In June 2015, Metropolitan Hospital Center in New York submitted a HIPAA breach notice to the Department of Health and Human Services’ Office for Civil Rights (OCR). As required by law, the hospital was obligated to report all HIPAA breaches involving 500 records or more.
The HIPAA breach was due to an employee emailing nearly 4,000 patient records to his personal email account.
The emailed data contained the following protected health information:
- Medical record numbers
- Medical diagnoses
- Physician’s names
- Sensitive medical information
The HIPAA violation occurred on 15 January 2015 but was not discovered until 31 March 2015. What’s mind boggling to me is that while it’s clear the hospital allocated budget to having some form of Data Loss Prevention (DLP) in place, they monitored their email systems only after the fact. Therefore, the HIPAA breach still occurred and it took them over two months to discover it. I don’t think they got good ROI on their vendor choice for Email DLP.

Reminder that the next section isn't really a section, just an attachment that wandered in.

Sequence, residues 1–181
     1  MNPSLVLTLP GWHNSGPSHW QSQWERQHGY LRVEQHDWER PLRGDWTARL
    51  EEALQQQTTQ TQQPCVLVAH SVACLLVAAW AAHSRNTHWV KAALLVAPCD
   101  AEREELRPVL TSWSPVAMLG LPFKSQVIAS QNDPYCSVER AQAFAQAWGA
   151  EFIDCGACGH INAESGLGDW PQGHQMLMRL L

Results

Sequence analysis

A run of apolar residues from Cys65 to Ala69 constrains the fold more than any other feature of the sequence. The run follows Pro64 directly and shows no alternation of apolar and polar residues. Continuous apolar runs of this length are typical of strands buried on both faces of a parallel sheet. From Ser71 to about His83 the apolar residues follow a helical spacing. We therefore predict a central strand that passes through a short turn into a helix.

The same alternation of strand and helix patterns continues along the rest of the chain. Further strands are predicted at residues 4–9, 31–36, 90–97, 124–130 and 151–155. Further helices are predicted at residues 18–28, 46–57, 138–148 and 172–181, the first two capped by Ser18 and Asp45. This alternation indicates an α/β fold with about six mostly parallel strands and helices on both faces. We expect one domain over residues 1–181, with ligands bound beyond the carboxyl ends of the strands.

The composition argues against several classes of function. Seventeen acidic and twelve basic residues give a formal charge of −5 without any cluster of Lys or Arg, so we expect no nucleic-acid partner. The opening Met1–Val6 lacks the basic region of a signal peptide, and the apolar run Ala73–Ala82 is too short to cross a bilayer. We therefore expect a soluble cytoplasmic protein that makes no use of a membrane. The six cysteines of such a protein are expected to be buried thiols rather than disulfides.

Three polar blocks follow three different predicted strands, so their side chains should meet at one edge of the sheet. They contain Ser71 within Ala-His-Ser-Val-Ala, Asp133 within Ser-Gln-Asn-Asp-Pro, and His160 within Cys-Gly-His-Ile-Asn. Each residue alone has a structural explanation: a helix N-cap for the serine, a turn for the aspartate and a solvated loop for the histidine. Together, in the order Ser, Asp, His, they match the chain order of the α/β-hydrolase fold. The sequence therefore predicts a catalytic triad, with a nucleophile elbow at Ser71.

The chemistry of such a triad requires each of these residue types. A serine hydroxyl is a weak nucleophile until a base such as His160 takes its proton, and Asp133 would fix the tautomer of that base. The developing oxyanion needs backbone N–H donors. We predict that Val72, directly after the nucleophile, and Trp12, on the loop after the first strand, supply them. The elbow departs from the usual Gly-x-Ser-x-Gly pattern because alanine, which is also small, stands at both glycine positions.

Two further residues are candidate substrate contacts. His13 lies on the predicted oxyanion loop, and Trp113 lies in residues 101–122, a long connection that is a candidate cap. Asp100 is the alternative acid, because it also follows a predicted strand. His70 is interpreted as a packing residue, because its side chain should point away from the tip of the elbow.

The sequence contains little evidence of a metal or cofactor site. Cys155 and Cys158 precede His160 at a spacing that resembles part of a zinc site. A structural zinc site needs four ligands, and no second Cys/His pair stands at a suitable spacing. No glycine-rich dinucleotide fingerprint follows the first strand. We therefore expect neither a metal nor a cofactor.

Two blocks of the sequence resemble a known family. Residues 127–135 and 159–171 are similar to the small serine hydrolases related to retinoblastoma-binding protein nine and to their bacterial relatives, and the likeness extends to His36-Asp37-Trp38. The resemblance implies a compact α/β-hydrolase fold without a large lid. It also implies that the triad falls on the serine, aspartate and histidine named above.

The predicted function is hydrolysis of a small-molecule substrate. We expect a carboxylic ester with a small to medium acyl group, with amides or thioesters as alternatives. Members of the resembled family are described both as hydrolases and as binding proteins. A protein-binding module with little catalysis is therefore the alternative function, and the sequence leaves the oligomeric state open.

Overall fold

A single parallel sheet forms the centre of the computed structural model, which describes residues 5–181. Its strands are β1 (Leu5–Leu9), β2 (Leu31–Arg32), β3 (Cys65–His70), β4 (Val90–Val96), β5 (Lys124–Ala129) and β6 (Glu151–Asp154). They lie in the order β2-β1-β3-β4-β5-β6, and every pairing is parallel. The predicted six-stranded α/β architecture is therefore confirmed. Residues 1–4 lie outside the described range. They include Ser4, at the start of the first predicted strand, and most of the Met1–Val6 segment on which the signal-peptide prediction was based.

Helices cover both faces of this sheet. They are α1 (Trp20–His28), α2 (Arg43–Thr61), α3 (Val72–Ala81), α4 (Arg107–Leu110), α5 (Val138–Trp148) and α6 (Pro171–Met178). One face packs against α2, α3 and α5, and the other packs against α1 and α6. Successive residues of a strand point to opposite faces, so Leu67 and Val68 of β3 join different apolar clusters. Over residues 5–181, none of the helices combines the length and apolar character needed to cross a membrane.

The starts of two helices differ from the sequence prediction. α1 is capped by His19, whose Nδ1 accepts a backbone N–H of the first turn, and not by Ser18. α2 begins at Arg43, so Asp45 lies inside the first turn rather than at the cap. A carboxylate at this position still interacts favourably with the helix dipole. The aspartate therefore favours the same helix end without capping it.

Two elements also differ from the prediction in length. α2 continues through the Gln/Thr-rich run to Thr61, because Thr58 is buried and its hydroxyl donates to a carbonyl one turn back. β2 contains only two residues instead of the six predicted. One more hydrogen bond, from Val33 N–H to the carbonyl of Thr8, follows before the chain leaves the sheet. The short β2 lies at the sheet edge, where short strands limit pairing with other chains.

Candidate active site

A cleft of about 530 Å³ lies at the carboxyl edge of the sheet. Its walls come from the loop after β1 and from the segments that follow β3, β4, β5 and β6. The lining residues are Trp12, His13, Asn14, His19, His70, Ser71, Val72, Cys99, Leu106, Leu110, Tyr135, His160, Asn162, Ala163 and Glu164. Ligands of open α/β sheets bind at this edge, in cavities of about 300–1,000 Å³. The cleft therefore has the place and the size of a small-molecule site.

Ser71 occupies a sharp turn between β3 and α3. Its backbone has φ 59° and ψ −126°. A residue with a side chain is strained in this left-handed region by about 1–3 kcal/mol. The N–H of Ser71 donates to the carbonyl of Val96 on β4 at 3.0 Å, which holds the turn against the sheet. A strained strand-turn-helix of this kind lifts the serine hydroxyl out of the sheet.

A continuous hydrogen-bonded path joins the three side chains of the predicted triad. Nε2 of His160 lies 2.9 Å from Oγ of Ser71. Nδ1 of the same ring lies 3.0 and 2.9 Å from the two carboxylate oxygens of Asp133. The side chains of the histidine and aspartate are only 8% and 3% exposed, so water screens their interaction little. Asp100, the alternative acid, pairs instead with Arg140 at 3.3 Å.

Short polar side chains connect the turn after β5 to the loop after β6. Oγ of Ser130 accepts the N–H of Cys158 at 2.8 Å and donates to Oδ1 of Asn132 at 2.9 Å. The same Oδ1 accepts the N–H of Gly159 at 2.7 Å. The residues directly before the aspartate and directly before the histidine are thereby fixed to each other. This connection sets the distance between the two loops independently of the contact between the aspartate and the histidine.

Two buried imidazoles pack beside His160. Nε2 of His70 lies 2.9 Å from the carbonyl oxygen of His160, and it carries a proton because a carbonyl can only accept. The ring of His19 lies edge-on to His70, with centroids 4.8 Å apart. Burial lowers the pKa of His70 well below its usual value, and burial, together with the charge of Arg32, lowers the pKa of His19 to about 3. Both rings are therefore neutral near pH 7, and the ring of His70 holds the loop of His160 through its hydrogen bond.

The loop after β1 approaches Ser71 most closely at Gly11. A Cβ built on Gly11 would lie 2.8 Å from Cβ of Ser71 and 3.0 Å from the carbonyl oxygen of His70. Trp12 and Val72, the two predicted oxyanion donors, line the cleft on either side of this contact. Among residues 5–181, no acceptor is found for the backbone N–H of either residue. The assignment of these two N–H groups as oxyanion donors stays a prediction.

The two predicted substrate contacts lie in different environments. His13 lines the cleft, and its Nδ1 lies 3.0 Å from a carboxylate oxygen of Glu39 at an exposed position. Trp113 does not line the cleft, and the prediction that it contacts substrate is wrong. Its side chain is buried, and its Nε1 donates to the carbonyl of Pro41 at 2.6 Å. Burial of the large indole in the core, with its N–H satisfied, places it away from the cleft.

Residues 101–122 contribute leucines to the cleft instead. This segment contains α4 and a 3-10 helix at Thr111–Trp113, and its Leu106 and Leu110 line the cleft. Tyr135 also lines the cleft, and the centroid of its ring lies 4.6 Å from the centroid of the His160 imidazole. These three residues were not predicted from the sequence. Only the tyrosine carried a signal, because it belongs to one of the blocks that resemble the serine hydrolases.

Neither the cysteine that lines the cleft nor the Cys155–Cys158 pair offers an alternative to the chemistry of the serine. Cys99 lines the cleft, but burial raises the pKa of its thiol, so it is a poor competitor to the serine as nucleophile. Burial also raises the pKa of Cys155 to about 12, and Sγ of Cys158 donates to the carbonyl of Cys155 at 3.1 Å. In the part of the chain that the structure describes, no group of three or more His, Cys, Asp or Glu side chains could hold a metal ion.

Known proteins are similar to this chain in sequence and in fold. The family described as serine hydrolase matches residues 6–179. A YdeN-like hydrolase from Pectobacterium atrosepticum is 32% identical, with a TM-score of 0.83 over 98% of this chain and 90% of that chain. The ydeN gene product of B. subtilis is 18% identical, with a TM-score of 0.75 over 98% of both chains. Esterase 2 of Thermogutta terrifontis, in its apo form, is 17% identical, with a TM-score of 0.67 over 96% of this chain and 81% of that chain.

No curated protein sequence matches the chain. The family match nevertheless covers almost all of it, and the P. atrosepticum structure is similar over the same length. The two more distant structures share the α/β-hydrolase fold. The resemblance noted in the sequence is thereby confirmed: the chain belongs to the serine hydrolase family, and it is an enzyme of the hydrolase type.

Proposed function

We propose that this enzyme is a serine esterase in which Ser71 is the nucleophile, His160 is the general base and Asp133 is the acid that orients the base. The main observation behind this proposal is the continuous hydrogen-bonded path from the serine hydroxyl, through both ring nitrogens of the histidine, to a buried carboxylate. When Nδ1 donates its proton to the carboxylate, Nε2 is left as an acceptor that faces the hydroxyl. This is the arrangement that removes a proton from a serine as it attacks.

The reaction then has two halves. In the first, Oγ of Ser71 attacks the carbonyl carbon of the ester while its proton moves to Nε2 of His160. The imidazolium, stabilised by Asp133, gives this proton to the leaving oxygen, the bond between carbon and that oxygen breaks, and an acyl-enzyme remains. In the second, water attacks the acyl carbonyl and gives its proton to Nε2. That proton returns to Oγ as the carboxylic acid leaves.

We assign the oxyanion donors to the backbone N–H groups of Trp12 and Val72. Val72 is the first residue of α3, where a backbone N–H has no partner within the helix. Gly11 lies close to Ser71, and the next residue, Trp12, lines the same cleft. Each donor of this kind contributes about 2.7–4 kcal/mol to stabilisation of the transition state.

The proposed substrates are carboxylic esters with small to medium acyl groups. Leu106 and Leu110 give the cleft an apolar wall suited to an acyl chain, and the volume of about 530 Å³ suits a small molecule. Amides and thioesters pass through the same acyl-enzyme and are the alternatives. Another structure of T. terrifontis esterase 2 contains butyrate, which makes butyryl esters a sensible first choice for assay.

Why Would an Employee Email PHI to Their Personal Account?
Metro Hospital Center in New York could not determine why the employee sent the email with patient PHI to his personal email.
While there was no indication the employee improperly used the information contained in the email, its transmission was unauthorized and represents a HIPAA violation.
How Can Paubox Suite Premium Help?
In the case of the Metropolitan Hospital Center in New York, a good email DLP solution would have detected when that employee included things like Medical record numbers and Sensitive medical information to a personal account.
Paubox Suite Plus provides the following benefits:
- Quarantine the outbound email.
- Send an email alert to the DLP administrator.
- Optionally send an email alert to the sender notifying them their email got quarantined.